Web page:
Architecture Career Chat: Part 2
“In a way, a building is akin to an actual person. You have the skin, which is the facade. You have a skeletal system, which is the structure. And then you have everything that is constantly going in and out. There are a lot of nuts and bolts involved.”
This quote by Mr. Aditya Karmarkar epitomizes the beauty of a career in architecture. Like many jobs that involve working with people, architects encounter hundreds — yes, hundreds — of moving parts that must be taken into consideration to build an abode that is up to code. In the second and final installment of this two-part series, we’ll examine the reasons why architects choose to use certain materials and steer clear of others, as well as the ways in which governments at every level are actively incentivising sustainable building. I, for one, was fascinated by what I learned. Hopefully, you will be too!
A Future at Risk: Materials for the Present
We’ve heard before that not all building materials are at the top of their game. Some are flammable, while others are in limited supply. Some are intensive to extract, while others pose dangerous health risks. The role that building materials play in protecting or worsening our health in particular used to be put on the back burner far too frequently. It was only in recent decades that people began to link certain materials with lifelong respiratory issues or even terminal illnesses. Mr.Karmarkar told me that asbestos is just one of many similar materials:
Asbestos, back in the 1950s and 1960s, was ridiculously widely used. And purely from a standpoint of performance and the way it insulates, asbestos is phenomenal. It’s great. In the 70s and 80s, when people realized that asbestos is a heavy carcinogen, they finally started moving away from it.
Asbestos is especially common in homes that were built in the early or mid-1900s. If you live in an older home, it’s recommended that you hire a professional to test for asbestos. In doing so, you can actively protect yourself from a whole host of health complications while ridding your home of a substance that only becomes more harmful as it ages.
The list of unsustainable materials isn’t nearly over with asbestos, however. Copper is yet another well-known material that, according to Mr.Karmarkar, comes at a (literal) cost:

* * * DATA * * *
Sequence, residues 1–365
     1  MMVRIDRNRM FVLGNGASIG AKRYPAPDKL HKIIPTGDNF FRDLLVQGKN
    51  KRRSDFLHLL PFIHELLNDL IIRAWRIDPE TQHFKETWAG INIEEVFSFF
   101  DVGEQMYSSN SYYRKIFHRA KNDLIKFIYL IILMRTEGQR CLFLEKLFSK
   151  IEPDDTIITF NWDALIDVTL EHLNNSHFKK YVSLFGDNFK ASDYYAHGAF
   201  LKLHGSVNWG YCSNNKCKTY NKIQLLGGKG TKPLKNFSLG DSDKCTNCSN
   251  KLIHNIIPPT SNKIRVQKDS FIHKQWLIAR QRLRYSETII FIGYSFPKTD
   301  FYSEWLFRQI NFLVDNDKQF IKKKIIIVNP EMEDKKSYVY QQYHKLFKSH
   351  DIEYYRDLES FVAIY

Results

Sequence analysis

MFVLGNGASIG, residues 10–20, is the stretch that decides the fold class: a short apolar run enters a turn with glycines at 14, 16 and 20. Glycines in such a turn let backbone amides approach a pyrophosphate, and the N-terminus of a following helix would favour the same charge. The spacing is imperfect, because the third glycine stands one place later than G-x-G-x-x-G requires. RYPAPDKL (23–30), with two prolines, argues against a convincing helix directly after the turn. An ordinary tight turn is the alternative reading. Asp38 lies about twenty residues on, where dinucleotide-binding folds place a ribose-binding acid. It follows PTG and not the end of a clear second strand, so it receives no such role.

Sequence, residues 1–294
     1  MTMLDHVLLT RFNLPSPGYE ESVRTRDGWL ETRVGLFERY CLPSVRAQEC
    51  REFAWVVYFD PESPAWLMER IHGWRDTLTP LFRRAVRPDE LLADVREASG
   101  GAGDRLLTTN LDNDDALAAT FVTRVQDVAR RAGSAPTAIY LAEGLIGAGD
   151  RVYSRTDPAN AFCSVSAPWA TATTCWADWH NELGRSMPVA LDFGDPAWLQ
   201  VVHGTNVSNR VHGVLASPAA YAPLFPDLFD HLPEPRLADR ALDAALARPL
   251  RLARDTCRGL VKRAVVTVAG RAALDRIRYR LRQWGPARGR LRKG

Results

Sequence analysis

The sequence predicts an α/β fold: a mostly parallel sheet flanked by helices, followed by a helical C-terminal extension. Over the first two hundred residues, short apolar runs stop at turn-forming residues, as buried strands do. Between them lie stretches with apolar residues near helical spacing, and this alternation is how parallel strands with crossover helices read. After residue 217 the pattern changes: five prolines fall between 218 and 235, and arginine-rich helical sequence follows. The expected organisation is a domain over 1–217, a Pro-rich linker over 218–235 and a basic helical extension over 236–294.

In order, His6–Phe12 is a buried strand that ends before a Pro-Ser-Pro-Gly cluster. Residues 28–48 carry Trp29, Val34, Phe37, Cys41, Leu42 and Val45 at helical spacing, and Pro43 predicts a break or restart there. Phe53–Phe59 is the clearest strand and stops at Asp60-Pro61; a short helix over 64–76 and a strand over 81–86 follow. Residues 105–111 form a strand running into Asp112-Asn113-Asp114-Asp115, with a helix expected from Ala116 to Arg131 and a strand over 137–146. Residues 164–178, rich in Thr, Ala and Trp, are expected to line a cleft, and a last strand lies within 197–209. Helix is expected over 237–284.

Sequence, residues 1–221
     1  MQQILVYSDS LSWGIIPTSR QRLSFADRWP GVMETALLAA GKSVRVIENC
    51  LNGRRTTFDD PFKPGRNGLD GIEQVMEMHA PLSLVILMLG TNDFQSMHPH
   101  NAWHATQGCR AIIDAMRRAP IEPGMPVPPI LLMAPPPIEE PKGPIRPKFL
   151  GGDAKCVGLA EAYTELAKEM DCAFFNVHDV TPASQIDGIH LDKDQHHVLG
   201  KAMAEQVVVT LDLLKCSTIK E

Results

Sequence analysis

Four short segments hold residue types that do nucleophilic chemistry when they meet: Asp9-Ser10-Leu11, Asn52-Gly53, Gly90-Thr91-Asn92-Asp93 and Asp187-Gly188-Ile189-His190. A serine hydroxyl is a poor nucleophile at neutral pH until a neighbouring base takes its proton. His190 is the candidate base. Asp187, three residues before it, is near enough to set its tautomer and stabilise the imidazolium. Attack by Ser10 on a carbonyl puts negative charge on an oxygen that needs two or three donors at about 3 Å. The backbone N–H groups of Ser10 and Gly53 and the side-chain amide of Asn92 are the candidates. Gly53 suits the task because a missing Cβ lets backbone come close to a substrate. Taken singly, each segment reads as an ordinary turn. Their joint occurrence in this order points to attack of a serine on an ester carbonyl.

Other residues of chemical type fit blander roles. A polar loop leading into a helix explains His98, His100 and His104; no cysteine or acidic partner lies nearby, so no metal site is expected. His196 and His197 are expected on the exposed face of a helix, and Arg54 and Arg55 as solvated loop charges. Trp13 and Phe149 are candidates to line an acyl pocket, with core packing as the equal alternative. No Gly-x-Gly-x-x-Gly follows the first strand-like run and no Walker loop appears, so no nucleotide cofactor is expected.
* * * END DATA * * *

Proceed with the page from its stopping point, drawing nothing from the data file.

Copper is great for plumbing, but it’s getting more and more precious and expensive. We’re countering that with the use of PVC pipes. Renewability and recyclability of PVC has improved over time. It’s still not necessarily the most renewable material, but unlike copper, which is the finite and limited resource that it is, it offers a counterpoint.
That’s exactly what we need: a counterpoint. And sustainable materials, as you will soon learn, are a great option.
A Future at the Ready: Materials Meant to Last
When I asked Mr.Karmarkar which building materials are the most sustainable, his response was simple: renewable resources. “A lot of synthetic materials are relying heavily on resources that are destined to run out,” he said. Renewable resources, as implied in the name, do the opposite, making them a viable contender compared to more polluting (and less energy-efficient) alternatives. Mr.Karmarkar specifically highlighted ipe wood, also called the Brazilian walnut, for its durability and renewability, citing its concentrated location as its only drawback:
Ipe has been over extracted because it’s such an amazing construction material. But, there have been efforts made to grow ipe-like woods more sustainably and responsibly in other parts of the world. Rather than cutting rainforests in Brazil and shipping that wood over, people are now aiming to build out of local wooden resources. By sourcing your wood locally, there is a reduction in carbon because you’re not shipping it from thousands of miles away. The USGBC, which is the United States Green Building Council, incentivizes this by giving you a credit.
Despite that wood is a highly sustainable building material, architects must also consider the challenges that it — and all other renewable resources — poses. And despite that they may have far-fetched ideas or goals, architects are, according to Mr.Karmarkar, ultimately restricted by the laws of nature:
Collectively as a society, we have aspirations to build taller, to build bigger, and to build stronger. All of that needs to be balanced out with what is possible. You can’t build a skyscraper out of timber. There are physical limitations to what wood can do, and there’s also the fact that wood is a combustible material. Balancing life safety with the physical limitations of a building material is one of the biggest challenges we always face.
There it is again: balance. Much like life as a whole, architecture involves finding the sweet spot between sustainability and feasibility. The best part? The supposed “added costs” of sustainable development are next to nonexistent!